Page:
This report examines titling laws, little-known regulations that require people practicing certain professions to gain government permission to use a specific title, such as “interior designer,” to describe their work. Although titling laws receive little attention from the political, policy or research communities, they often represent the first step toward a better-known regulation—occupational licensing, which limits who may practice a trade. In theory, occupational regulations—including titling and licensing laws—are designed to protect the safety and economic interests of consumers. But critics charge they are often nothing but anti-competitive barriers that only benefit those already practicing.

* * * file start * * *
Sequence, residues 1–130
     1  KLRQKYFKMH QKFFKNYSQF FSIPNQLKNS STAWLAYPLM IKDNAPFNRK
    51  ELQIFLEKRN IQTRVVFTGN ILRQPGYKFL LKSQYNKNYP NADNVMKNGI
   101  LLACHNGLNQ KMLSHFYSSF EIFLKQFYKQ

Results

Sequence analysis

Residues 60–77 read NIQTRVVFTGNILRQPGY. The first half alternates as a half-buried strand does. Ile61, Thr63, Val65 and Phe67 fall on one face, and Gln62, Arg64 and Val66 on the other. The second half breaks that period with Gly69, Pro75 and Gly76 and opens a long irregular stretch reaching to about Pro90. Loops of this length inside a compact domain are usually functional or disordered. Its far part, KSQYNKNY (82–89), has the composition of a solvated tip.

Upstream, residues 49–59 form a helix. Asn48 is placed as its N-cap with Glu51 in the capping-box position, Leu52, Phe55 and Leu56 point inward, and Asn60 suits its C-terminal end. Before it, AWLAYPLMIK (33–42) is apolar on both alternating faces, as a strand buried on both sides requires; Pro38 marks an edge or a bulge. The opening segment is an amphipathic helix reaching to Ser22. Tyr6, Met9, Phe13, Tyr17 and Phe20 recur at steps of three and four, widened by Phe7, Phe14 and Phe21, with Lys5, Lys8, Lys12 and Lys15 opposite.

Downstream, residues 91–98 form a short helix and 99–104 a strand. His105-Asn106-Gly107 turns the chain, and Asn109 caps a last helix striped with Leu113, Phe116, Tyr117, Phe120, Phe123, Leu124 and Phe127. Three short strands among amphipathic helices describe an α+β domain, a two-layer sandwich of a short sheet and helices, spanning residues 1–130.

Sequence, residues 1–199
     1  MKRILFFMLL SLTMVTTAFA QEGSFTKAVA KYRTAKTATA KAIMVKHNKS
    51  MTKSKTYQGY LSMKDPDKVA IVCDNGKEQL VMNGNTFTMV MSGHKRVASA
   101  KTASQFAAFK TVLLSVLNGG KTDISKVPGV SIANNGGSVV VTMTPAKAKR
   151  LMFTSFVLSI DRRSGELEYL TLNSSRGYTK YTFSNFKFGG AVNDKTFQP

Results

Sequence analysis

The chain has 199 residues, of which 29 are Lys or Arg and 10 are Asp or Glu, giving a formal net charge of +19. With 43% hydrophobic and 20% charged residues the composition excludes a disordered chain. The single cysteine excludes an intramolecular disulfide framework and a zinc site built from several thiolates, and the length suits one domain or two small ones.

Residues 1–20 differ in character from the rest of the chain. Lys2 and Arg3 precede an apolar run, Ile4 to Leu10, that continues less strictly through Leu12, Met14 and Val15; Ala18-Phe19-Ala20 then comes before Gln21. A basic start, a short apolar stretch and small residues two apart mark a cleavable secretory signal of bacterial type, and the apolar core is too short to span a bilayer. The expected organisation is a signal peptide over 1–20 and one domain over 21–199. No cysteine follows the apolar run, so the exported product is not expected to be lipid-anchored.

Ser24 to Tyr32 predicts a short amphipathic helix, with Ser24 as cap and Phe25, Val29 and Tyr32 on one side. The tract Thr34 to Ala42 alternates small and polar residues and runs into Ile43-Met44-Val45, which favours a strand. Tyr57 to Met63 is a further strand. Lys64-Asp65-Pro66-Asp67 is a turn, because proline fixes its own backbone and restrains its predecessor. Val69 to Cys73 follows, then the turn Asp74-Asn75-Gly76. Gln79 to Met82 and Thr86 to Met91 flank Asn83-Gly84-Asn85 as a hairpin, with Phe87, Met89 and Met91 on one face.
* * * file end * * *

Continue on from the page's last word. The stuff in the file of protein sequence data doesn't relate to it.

Twenty-two states have some kind of titling law for interior designers, and four states and the District of Columbia also require aspiring designers to acquire government licenses to practice. For decades, powerful factions within the interior design industry have lobbied for legislatures to impose increasingly stringent regulations, arguing that interior design requires a minimum amount of education, experience and examination, codified by the government, to ensure public health, safety and welfare.
The results of this case study, however, indicate that there is no threat to public health, safety or welfare requiring government regulation of the interior design industry. . . .
Arlington, Va.—Should you need the government’s permission to become an interior designer? Increasingly, state governments nationwide are bowing to the will of special interests and dictating who may pursue the occupation of their choice in trades like interior design. Today, one in five Americans must secure the government’s permission to pursue their occupation—a figure that…